A significant problem lies in the fact that we will have to learn how to apply the European norms in the same way as they are applied in the EU. And for that we simply don't have enough specialists with deep knowledge of the European law. Specialized bodies and institutions (like, for example, the Council for Competition), I think, will cope with that task much faster. It is much easier to establish bilateral cooperation on their institutional level within which it is possible to provide respective training. And I suppose that there will be enough resources allocated for that purpose.

More serious problems can arise in Moldovan courts, as they will have to master vast amount of the established case law of the Court of Justice of the European Union. And here we can expect significant difficulties.

The necessity to implement the case law of the Court of Justice of the European Union in Moldova

The application of law involves first of all its interpretation. Before applying a particular legal rule we have to identify its meaning and essence. And that only seems easy at first glance. It is not without a reason that there exists a saying about two lawyers and three opinions. And that happens not because lawyers are masters of perverting the meaning of laws, but because almost any text, any phrase under a scrupulous reading can be interpreted differently. And when we speak about laws the task becomes even more difficult.

The exclusive power to interpret the norms of European law belongs to the Court of Justice of the European Union. It shall not be confused with the European Court of Human Rights which only considers the issues of violations of rights provided by the European Convention on Human Rights. The latter is the very court that issued so many judgments against Moldova and where one of the judges also comes from our country.

The Court of Justice of the European Union is only concerned with the interpretation and application of the law of the European Union. Moldova, not being a member-state of the EU, has nothing to do with that court. But following the tendency for implementing the norms of the EU we will have in the nearest future not just study, but actually implement the case law of this Court.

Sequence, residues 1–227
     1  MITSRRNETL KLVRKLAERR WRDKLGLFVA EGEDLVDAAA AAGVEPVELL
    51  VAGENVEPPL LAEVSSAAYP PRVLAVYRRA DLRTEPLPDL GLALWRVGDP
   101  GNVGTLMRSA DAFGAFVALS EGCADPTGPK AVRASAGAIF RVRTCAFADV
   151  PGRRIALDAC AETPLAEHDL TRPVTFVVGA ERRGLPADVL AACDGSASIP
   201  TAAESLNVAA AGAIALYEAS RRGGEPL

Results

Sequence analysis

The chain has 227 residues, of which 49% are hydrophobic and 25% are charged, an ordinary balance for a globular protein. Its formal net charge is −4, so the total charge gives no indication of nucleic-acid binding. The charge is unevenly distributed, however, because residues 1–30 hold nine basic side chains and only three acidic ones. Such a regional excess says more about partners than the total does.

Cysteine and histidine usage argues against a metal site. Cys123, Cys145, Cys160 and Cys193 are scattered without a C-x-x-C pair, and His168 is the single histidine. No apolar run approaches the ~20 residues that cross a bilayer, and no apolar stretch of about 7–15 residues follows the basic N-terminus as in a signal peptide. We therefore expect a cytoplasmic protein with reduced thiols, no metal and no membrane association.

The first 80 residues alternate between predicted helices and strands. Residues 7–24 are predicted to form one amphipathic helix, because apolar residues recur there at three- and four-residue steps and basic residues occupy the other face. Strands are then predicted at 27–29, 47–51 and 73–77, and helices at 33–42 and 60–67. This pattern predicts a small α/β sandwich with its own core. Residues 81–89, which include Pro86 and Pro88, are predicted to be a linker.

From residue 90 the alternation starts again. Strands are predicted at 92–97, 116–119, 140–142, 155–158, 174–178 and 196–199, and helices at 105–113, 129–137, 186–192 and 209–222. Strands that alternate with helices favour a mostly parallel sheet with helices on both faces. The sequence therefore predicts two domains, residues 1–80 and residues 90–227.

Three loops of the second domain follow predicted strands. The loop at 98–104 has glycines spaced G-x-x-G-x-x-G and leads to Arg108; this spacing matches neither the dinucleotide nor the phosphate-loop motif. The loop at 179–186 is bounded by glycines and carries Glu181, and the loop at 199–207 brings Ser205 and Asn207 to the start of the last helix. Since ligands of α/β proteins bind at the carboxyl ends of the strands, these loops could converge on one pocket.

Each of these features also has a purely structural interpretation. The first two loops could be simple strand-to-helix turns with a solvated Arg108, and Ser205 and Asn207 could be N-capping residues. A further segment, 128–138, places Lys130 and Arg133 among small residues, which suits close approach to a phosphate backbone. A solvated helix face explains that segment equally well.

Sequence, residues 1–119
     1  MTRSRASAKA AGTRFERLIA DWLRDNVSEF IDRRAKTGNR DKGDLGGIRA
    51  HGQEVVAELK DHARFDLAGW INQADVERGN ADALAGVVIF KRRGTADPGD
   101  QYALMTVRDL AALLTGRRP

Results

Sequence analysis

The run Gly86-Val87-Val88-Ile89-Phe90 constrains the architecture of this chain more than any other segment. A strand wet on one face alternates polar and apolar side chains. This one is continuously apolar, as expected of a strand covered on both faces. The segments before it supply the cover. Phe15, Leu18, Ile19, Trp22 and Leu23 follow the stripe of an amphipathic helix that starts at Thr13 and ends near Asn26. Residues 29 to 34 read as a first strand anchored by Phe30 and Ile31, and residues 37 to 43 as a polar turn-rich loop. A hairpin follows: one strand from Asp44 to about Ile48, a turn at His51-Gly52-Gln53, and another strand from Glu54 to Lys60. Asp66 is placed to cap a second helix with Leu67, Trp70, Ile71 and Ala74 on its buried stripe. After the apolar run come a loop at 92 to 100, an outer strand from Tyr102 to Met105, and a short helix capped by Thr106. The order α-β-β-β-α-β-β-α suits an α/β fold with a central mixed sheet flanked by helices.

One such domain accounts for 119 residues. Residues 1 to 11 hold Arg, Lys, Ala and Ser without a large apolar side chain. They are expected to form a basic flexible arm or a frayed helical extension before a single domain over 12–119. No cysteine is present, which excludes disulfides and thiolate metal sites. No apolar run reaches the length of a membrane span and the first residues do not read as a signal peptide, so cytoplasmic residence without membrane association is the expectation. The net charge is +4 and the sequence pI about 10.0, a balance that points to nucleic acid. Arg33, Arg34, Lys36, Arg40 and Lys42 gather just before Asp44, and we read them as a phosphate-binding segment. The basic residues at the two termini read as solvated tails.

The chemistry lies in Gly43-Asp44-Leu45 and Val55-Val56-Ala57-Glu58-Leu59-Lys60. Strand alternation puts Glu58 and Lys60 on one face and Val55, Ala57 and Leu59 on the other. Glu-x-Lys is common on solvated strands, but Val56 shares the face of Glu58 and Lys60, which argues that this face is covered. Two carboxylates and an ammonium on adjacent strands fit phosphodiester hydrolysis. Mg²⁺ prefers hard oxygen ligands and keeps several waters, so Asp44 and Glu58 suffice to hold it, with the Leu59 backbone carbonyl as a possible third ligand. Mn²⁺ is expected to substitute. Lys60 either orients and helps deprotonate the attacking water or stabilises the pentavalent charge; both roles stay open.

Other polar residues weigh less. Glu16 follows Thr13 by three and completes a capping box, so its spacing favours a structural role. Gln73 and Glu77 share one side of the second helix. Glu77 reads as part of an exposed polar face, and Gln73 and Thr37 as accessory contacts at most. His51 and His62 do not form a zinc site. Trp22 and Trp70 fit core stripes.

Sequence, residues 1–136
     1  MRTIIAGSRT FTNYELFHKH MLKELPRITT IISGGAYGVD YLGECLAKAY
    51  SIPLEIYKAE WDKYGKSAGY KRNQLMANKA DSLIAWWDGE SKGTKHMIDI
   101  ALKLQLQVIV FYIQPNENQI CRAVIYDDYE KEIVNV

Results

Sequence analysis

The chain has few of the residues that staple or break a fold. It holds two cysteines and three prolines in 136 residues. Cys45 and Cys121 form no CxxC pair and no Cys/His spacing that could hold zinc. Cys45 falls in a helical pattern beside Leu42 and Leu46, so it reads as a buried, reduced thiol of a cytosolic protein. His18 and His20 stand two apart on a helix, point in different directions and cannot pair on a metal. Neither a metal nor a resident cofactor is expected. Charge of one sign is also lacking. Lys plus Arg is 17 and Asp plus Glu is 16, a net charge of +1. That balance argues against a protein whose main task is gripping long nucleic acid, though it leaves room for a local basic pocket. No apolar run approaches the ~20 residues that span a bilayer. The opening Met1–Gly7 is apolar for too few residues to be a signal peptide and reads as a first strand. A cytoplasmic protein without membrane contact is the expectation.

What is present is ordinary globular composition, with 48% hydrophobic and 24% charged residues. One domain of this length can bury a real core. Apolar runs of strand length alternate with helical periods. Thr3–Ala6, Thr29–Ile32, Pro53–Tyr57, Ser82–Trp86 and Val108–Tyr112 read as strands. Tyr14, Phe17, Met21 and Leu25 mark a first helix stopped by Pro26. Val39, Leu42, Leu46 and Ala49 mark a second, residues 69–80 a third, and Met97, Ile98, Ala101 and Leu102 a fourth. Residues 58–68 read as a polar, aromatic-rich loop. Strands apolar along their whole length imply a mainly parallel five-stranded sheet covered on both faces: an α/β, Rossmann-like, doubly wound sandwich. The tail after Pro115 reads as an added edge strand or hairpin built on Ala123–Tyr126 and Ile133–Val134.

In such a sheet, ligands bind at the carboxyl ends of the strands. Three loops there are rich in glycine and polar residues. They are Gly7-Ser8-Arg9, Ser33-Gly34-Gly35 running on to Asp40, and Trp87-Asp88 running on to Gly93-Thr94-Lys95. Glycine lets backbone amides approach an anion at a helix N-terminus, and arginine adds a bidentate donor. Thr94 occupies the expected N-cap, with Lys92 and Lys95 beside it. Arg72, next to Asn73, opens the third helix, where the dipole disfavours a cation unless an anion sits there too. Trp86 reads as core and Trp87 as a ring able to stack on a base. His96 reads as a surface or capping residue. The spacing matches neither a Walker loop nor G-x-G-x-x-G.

As it has already been mentioned, it is the Court of Justice of the EU that has the exclusive power to interpret the provisions of European law. Even more so, there is a special procedure in the EU, under which in situations when, while hearing a case, the national court of one of the EU member-states faces the necessity to interpret certain provisions of EU law, then the case is suspended at that that national court and referred to the European Court for the interpretation of the respective provisions. After the decision of the European Court the case is sent back to the national court which then passes its judgment on the merits.

For the period of its existence the EU Court of Justice adopted a vast number of decisions that to a great extent shaped the whole system of European law as it exists and applies today. Therefore, when implementing the norms of European law in Moldova, we will have to implement also the case law of the Court of Justice of the European Union.

Besides that there also exist the established practices of certain EU institutions, and above all the European Commission that takes decisions on the wide range of problems. Though its decisions do not have the same effect as the decisions of the Court of Justice, they play a huge role in understanding of how the EU rules are applied in practice. And the Moldovan public institutions and courts will also have to study and apply them in their activity.

Moldova's obligations under the Association Agreement with the European Union

We will have to do all the things said above. The confirmation that it will most probably become a legal obligation for the country we can find in a number of provisions of the Association Agreement with the European Union that is to be signed in the nearest future.

The obligation to harmonize Moldovan law with EU law is set forth in many provisions of the draft Agreement. The assessment of the process of approximation of Moldovan legislation to the Union law will be based, among other things, on how this legislation is going to be applied. This conclusion follows directly from the text of the draft Association Agreement. For example, article 409 par. 2 of the Draft directly provides that the European Union shall assess whether the legislation of the Republic of Moldova has been approximated to Union law and whether it is implemented and enforced effectively. Such assessment shall take into account the existence and operation of relevant infrastructure, bodies and procedures in Moldova necessary for the effective implementation and enforcement of Moldovan legislation.

Moreover, when assessing the approximation of legislation, it will also be taken into account whether there are any domestic provisions or practices that are inconsistent with European Union law (pars. 3 and 4 article 409 of the draft Agreement). Article 410 of the Draft also states that the Republic of Moldova shall undertake any action necessary to reflect the developments in Union law in its domestic law.